| By Sean O’Neil, director of outreach, formation and ministry at the Church of the Resurrection, Lansing

Using Scripture in Spiritual Warfare

When St. Paul wrote to the Ephesians, he signed off his letter with this reminder: “Our struggle is not against enemies of blood and flesh,” he says, “but against … the spiritual forces of evil in the heavenly places.”

That reminder is also directed toward us. When we enter into a relationship with God in baptism, we are freed from the clutches of evil and step into a new identity as beloved sons and daughters of God. So why does Paul talk about struggling against “spiritual forces of evil”? Because, despite the fact that Jesus’ sacrifice has won the victory for us over sin and death, the devil and his minions are still active and constantly trying to find ways of recapturing us.

Jesus calls Satan the father of lies because lies are his main weapon. In the Garden of Eden, he told Eve lies about the nature of God and about her identity. He told her God was untruthful and was lying to her and Adam, and that led them into sin. The enemy also lies to us, and when we believe those lies, we are tempted to sin just as Eve was. However, we can avoid entering into agreement with the forces of darkness by rejecting those lies daily and by announcing the truth. So what kind of lies does the enemy level against us?

Satan lies to us about the nature of God, telling us that God is vengeful, that God is the one lying to us, that he doesn’t love us at all and that God is cruel and unjust and untrustworthy. Satan tells us that God doesn’t actually care that much when we sin. He also tells us lies about ourselves, about our true identity, that we are unloved and unlovable and that God has abandoned us. He tells us that we are shameful creatures and that our sins are unforgivable; or that we will find fulfillment, relief or comfort through sin. The enemy will also tell us lies about other people. Because of those lies, we begin to judge others on the basis of their behavior or their appearance or their deficiencies.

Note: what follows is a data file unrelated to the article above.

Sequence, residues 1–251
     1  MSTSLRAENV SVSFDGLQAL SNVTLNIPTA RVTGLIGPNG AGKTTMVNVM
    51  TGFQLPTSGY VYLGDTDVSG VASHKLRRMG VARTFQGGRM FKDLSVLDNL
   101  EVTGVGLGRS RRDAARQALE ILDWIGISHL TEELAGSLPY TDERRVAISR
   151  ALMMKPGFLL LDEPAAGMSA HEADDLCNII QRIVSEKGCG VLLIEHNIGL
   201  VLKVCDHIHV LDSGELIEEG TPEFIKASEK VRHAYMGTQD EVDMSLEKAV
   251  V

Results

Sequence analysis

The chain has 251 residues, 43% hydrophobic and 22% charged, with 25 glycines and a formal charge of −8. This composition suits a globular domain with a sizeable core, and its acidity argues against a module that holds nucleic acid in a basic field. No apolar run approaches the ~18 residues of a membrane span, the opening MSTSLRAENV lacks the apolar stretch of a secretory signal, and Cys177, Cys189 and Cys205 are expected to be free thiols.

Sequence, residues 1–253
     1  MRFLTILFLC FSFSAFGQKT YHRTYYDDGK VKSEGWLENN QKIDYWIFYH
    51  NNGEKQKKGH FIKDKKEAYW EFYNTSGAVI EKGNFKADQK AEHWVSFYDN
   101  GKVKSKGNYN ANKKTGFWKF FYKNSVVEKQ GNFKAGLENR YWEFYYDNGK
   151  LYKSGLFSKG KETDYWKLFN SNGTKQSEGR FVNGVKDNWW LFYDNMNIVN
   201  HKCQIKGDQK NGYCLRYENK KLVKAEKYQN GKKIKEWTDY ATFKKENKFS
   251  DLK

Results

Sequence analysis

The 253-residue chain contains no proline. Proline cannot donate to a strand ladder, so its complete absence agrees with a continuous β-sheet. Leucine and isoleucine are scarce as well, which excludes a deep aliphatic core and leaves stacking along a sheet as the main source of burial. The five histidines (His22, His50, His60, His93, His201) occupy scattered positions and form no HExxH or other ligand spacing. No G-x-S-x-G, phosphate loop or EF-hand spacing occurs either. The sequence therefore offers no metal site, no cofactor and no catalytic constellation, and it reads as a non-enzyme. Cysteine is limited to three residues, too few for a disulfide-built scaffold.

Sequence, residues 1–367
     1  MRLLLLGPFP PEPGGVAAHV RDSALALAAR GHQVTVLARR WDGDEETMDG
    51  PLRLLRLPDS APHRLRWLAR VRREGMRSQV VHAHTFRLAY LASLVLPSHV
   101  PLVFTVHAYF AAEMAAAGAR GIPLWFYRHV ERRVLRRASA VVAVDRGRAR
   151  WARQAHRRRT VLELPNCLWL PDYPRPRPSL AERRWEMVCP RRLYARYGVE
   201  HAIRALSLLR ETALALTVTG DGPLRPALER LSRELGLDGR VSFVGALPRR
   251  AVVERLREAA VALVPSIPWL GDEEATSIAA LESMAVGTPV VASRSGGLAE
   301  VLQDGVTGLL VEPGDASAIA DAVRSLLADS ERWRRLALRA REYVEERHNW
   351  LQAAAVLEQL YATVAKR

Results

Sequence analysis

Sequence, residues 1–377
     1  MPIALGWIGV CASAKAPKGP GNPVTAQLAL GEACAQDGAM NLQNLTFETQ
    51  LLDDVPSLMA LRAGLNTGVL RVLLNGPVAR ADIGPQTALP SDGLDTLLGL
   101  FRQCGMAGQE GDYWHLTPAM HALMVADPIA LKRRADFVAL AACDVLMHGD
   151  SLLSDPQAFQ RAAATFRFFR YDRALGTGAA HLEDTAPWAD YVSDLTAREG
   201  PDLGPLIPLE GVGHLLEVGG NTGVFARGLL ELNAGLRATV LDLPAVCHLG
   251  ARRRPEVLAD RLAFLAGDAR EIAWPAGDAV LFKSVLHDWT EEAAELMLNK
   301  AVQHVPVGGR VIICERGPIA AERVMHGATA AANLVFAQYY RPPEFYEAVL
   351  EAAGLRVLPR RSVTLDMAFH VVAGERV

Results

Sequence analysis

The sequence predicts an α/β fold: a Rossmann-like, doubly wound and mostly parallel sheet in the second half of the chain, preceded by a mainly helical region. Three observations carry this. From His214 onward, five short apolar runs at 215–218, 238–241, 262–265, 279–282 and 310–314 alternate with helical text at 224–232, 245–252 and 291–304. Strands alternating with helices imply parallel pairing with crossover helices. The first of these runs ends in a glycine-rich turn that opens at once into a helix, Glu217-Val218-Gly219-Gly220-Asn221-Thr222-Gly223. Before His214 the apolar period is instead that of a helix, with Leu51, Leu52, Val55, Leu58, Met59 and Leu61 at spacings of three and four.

Sacred Scripture is a powerful weapon against the devil’s attacks. One of the best ways we can combat the lies of the evil one is by proclaiming the truths contained in Scripture.

  • When the enemy tells us we are unloved or unlovable, we can counter with the truth that God loves us so much that Jesus died for us, and that “no one has greater love than this, to lay down one’s life for one’s friends.” (Jn 15:13)
  • When the enemy suggests to us that God has abandoned us, we can resist that temptation by reminding him of the truth contained in Hebrews 13:5, that God “will never leave you or forsake you.”
  • If we are beleaguered by the enemy’s lie that we can’t trust in God, we can fight back with the truth that “because you have made the Lord your refuge … no evil shall befall you, no scourge come near your tent.” (Ps 91:9-10)

There are many more Scripture passages we can use to address the enemy to free ourselves from the oppression of his lies and temptations. Of course, we are bombarded with temptations and lies every day and the enemy won’t wait around while we search the Bible for the appropriate passage to throw at him. That is why it is a worthwhile exercise to memorize passages from Scripture so that whenever we are confronted by the evil one, we are ready to combat them with the truth.

The battle is real, and if we are to come safely to the gates of heaven, we must engage in the fight. There is no better weapon than the words of Scripture. Let’s resolve to learn the liberating truths contained in the Old and New Testament and, as Paul reminds us in Ephesians 6:17, do battle against the forces of evil with “the sword of the Spirit, which is the word of God.”